This magazine cover story on vaccinations attempted to cover a lot of ground around the issues surrounding the current recommended childhood immunization schedule.
The story pointed out that just because two things appear to be associated (i.e. getting a first tooth and getting a vaccine) does not mean that one causes the other. It would have been helpful to expand on this point. The story also provided the rationale used by people who have an idea about some aspect of biology (i.e. the immune system) without grounding in the evidence for their notion. Providing additional coverage about this may also have been useful.
Although a solid report, it could have been improved:
The story included estimated cost savings that might result from full vaccination of all children born in a given year. It did not, however, mention the costs of providing this full set of vaccinations either per person or for all the children in a given birth year cohort.
Although the story included a table detailing that seeming abundance of recommended vaccinations for children to receive along with the disease(s) against which they offer protection, the story did not provide much information about the risks associated with contracting these illness and so it was a little difficult to appreciate the magnitude of benefit (i.e. disease avoidance) one might expect. Further, although the story did mention that many people today do not have first hand knowledge of these diseases, because the story did not include information about the consequences of contracting most of the diseases mentioned, it made it difficult to appreciate the benefit of treatment. Nonetheless, because the story was reasonably well-balanced overall, we’ll give it the benefit of the doubt.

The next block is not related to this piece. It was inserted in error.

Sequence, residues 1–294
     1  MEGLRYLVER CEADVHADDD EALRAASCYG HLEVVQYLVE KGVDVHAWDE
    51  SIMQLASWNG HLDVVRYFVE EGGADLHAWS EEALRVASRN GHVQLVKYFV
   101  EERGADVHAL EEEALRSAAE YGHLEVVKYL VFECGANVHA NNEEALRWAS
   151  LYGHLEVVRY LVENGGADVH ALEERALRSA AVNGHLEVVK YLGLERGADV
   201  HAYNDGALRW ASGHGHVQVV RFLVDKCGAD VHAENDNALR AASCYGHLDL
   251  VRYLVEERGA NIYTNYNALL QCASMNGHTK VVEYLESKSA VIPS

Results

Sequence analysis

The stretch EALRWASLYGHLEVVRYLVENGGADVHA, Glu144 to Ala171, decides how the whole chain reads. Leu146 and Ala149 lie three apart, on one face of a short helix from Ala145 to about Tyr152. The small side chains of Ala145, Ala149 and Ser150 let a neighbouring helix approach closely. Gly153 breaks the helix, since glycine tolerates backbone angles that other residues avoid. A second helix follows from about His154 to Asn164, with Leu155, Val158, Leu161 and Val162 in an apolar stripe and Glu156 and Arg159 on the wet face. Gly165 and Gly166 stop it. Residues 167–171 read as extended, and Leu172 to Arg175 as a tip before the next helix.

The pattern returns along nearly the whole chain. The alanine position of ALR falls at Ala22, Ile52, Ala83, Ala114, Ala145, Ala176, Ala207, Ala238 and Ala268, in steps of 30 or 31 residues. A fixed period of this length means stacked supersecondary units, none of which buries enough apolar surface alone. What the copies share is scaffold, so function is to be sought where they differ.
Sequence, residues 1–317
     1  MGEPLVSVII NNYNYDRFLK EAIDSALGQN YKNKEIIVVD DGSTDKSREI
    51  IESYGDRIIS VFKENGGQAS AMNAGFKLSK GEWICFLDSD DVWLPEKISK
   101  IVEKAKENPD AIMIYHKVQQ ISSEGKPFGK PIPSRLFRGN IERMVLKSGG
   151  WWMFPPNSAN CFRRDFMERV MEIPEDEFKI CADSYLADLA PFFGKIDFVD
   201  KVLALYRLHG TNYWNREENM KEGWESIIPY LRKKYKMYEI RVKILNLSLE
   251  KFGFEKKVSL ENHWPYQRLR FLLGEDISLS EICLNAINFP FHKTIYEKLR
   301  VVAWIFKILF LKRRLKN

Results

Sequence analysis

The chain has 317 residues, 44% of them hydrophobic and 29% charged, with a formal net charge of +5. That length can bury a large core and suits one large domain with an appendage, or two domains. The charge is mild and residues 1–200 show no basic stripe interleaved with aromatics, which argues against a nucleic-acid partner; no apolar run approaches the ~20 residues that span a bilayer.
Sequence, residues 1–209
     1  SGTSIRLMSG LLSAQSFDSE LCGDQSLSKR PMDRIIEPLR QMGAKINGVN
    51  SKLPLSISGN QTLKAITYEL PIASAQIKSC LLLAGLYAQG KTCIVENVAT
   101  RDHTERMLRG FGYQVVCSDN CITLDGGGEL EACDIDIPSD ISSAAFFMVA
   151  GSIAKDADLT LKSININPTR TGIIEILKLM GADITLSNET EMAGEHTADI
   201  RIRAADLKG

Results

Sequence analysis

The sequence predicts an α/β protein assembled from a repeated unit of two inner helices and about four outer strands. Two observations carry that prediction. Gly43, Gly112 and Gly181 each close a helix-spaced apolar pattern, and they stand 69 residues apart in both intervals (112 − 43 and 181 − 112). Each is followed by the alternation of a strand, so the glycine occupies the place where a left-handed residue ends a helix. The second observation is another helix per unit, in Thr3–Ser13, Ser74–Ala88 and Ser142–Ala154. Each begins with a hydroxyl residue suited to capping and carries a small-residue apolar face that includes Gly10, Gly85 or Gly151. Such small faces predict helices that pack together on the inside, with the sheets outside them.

Lastly – the story neglected to detail the length of time the benefit from these vaccines could be expected to persist.
The harms associated with lack of vaccination (need for emergency medical attention, brain damage, death) for the individual as well as the potential for harm to befall fellow citizens with some degree of immune compromise was mentioned.
The story was lacking in information about the documented harms associated with the various vaccines listed as part of the recommended childhood immunization schedule.
The story cited data compiled by the CDC about the prevalence of measles before and after the introduction of the measles vaccine. And while the source for some of the other data quoted in the story (e.g. % of children starting school that are completely up to date on their vacations) was less clear, the information about lack of persuasive link between vaccination and autism was referenced.
No overt disease mongering although the continued drum beat about autism despite all the evidence is disconcerting.
The story contained a lot of information, some of which was well documented. In addition, there were good interviews with clinicians whose work involves vaccination as well as conversations with parents of children who appear to have been adversely affected either by vaccination or from its avoidance.
The treatment options – vaccination or not, as well as picking and choosing among the immunizations offered were discussed.
The story accurately portrayed the ready availability of vaccines.
The story appeared to appropriately represent the novelty of both the treatment and withholding the treatment.
Does not appear to rely on a press release.